New York Attorney General Letitia James issued warnings to over 30 brick-and-mortar and online stores across the state to stop price gouging baby formula after customers reported unreasonably high prices amidst the ongoing shortage.
New York’s price gouging statute prohibits merchants from charging excessive prices for essential goods and services in times where the market is facing abnormal disruptions, such as shortages. Attorney General James cease-and-desist letters to these retailers ordering them to immediately stop overcharging for baby formula and warned of the legal consequences of price gouging.
“It’s unconscionable that some retailers are taking advantage of the national baby formula shortage while parents are struggling to find food for their children,” said Attorney General James. “Amid this crisis, families already have enough to worry about and should not have to worry about being price gouged. We are warning all retailers that New York will not tolerate price gouging of baby formula, and I encourage anyone who sees this to continue reporting it to my office.”
Earlier this month, Attorney General James issued a warning to retailers against price gouging baby formula and encouraging New Yorkers to report any instances to her office. Her letters state that wholesalers and distributors are also prohibited from price gouging and encourages retailers to notify her office if they are being overcharged.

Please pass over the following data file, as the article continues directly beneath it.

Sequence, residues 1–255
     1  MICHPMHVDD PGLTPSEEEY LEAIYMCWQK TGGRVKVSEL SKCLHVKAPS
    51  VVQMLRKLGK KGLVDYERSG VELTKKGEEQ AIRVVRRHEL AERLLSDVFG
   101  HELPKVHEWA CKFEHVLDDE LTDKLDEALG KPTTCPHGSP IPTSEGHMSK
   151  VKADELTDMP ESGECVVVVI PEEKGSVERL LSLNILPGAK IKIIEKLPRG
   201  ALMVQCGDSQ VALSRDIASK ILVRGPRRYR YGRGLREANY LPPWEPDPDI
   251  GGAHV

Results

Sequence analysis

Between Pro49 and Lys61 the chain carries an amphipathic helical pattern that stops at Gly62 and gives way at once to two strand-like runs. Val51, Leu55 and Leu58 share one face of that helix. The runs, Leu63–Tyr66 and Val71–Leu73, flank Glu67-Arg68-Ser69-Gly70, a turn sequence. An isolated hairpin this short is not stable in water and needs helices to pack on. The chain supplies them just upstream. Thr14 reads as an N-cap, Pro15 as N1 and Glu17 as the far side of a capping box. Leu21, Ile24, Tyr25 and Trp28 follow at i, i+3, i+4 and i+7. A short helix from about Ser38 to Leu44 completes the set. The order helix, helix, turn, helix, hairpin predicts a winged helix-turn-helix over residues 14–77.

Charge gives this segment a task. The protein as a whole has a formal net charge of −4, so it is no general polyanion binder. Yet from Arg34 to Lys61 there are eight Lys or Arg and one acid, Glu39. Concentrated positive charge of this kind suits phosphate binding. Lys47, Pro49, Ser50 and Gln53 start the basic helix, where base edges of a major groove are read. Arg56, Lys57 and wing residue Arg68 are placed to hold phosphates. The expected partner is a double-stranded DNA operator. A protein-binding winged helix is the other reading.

Since issuing that warning, the Office of the Attorney General (OAG) has received several consumer complaints of baby formula price gouging at local retailers across the state, primarily in New York City. One consumer reported that a 19.8 ounce can of Enfamil Nutramigen formula, which typically sells for $44.99, was being sold by an Erie County retailer for $59.99, and it was also reported that a 32-ounce ready-to-feed bottle of Enfamil NeuroPro was being sold by a Bronx retailer for $17.99 when it previously sold for $11.99.
The OAG is encouraging New York parents that are struggling to find formula to speak with their child’s doctor before watering down formula or trying to make their own, and also to only buy as much formula as they need and to not unnecessarily stock up as panic buying can intensify the shortage and encourage price gouging. The OAG also reminds consumers that it is not price gouging for retailers to limit the amount of formula they sell to individual consumers.
When reporting price gouging to OAG, consumers should report the specific price increases, dates and places where they saw increases, and the size and type of formula sold. If available, those who report should also provide copies of their receipts and photos of the advertised prices.
New Yorkers should report potential concerns about price gouging to OAG by filing a complaint online or call 800-771-7755.